Pre-Pubertal Vaginal Bleeding

Pre-Pubertal Vaginal Bleeding

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Summary

Vaginal bleeding after the first few weeks of life and before puberty is considered abnormal and warrants a visit to your child’s doctor. In newborn girls, withdrawal bleeding may occur as a normal response to maternal estrogen leaving the infant’s uterine lining.

Causes

After these first few weeks, vaginal bleeding in young girls can have a variety of causes, including:

  • Trauma - Straddle injuries, falls (like off a bicycle), or scratching leading to breaks in the skin are all potential causes of bleeding.
  • Foreign bodies – Toilet paper fragments are most common.
  • Vulvovaginitis – Infection and irritation caused by vaginal infections can cause bleeding on their own, or this could be caused by a scratch injury.
  • Hemangiomas – non-cancerous growths that form due to an abnormal buildup of blood vessels
  • Benign polyps or cysts or (rarely) cancerous tumors
  • Precocious puberty – associated with growth spurt, advanced bone age, breast and pubic hair development
  • Urethral prolapse – when inner lining of urethra sticks out, possibly due to trauma or straining
  • Sexual abuse
  • Pre-pubertal menarche – premature bleeding without other features of precocious puberty and without any other abnormal findings

Symptoms

Pre-pubertal bleeding is any bleeding that occurs before a girl has reached puberty. Though many causes of pre-pubertal bleeding are benign and/or self-limiting, it’s important to have your daughter checked out by a doctor.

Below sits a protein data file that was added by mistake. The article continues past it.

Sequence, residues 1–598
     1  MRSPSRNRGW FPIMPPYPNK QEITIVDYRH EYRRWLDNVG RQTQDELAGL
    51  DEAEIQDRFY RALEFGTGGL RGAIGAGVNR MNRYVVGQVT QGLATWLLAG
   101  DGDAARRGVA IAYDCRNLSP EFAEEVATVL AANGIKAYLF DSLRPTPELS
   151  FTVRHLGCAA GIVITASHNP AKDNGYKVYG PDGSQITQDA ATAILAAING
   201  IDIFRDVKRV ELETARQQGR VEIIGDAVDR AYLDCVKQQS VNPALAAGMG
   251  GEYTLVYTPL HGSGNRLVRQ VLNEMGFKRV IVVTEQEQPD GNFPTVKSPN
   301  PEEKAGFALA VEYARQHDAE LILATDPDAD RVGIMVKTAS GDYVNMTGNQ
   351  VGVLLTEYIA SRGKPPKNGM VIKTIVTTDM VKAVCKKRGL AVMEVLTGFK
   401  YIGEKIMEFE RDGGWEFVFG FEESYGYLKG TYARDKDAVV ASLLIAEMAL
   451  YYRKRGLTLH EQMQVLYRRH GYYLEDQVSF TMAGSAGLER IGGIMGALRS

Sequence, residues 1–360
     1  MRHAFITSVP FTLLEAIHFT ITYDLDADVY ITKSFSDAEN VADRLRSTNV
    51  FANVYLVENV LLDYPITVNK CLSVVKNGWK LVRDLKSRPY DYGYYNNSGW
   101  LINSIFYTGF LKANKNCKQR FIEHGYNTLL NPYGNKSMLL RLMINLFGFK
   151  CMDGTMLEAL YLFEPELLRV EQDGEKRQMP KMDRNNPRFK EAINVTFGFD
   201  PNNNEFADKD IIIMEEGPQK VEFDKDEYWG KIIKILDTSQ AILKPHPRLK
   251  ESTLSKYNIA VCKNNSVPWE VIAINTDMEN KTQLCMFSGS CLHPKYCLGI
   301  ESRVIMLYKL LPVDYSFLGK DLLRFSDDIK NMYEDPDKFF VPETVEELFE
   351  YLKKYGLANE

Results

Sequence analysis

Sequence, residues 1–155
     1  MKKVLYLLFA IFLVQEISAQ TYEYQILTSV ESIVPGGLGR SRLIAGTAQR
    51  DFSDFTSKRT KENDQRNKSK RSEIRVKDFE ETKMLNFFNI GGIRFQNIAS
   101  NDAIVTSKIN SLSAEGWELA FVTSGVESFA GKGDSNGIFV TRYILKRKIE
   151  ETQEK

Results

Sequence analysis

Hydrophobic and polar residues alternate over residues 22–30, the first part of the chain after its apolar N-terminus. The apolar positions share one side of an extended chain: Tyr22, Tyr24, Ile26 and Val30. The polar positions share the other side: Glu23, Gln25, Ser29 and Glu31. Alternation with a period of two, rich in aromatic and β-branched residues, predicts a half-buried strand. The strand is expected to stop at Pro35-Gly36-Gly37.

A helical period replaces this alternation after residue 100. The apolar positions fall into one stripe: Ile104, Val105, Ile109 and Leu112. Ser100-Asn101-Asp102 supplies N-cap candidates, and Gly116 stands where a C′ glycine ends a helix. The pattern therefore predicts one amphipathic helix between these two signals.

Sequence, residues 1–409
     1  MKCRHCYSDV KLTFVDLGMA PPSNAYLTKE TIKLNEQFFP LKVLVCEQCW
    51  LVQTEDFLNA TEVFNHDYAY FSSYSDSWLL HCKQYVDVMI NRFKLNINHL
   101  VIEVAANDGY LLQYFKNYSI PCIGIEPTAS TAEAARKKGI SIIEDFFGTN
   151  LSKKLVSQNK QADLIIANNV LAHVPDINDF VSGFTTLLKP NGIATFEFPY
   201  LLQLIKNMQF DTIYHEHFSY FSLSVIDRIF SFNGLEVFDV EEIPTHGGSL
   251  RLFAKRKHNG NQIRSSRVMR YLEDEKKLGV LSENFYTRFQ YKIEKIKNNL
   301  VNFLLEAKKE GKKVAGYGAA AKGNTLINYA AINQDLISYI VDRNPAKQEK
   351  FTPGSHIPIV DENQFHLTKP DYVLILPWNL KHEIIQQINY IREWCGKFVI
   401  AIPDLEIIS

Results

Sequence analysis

Tests and Diagnosis

Your daughter’s doctor will first ask questions about when the bleeding started, how long it’s lasted, if your daughter suffered a fall or other injury before it started, and if there are associated symptoms like itching, pain, or odor.

The doctor will then perform a physical exam, including a pelvic exam if needed. Young children may need to be sedated or given a local anesthetic for this exam.

If your daughter’s doctor suspects precocious puberty, he or she will order blood tests to measure her hormone levels and an X-ray of her hand and wrist to assess bone age.

If the doctor suspects a hemangioma, cyst, polyp, or tumor is causing the bleeding, he or she may order an ultrasound of your daughter’s pelvis and abdomen.

Treatment

  • For normal newborn bleeding, no treatment is necessary.
  • For bleeding related to trauma, your daughter will likely heal on her own. Her doctor may prescribe warm or cold compresses and pain medication (if necessary) until she heals. If the doctor sees signs of sexual abuse, he or she will report that to you and the appropriate authorities.
  • If your daughter has vulvovaginitis caused by infection, she may be prescribed antibiotic or antifungal medication. If vulvovaginitis is caused by an irritant, the doctor will suggest avoiding harsh soaps, bubble baths, and detergents and wearing cotton underwear.
  • If bleeding is caused by a foreign body, the doctor can remove it during a pelvic exam. Sedation or anesthesia may be necessary.
  • If a cyst, tumor, polyp, or hemangioma is causing the bleeding – treatment depends on the size and type. Large, painful, or malignant growths may have to be surgically removed.
  • Urethral prolapse may not require treatment, or your daughter’s doctor may prescribe Vaseline, sitz bathes, or estrogen cream to speed healing. In rare cases, it needs to be corrected surgically.
  • If your daughter is diagnosed with precocious puberty, her doctor may prescribe hormone-blocking medications delivered through injections or implants.

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